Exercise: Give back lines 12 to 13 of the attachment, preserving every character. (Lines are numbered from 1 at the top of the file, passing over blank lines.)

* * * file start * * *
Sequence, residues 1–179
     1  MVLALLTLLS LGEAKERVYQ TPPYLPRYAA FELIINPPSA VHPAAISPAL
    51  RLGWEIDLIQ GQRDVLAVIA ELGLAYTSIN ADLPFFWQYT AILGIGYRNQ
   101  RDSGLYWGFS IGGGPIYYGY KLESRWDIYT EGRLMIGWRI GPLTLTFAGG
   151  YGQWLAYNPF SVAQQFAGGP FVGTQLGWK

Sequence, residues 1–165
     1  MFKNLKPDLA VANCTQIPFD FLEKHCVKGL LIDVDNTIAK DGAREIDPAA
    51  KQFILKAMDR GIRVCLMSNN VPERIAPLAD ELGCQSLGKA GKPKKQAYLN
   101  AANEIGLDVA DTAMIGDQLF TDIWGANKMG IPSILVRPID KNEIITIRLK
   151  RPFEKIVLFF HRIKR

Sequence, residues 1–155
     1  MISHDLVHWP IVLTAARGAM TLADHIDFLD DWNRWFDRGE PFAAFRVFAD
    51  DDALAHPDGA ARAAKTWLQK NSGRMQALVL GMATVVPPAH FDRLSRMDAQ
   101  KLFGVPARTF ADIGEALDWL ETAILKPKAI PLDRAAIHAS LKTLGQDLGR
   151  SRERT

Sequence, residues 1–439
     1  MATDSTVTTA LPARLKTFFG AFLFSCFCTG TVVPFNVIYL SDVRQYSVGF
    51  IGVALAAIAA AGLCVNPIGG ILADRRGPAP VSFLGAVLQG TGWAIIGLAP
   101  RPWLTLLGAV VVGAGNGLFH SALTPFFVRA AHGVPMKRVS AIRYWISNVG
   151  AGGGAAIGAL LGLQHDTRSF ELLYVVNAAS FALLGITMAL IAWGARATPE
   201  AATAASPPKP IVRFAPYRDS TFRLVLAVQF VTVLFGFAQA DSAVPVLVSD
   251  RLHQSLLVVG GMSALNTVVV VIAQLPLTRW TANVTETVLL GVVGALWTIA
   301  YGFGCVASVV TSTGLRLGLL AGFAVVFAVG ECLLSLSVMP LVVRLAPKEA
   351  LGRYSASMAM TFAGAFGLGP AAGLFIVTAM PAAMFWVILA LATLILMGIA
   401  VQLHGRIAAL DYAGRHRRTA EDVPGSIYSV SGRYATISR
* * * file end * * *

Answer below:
     1  MISHDLVHWP IVLTAARGAM TLADHIDFLD DWNRWFDRGE PFAAFRVFAD
    51  DDALAHPDGA ARAAKTWLQK NSGRMQALVL GMATVVPPAH FDRLSRMDAQ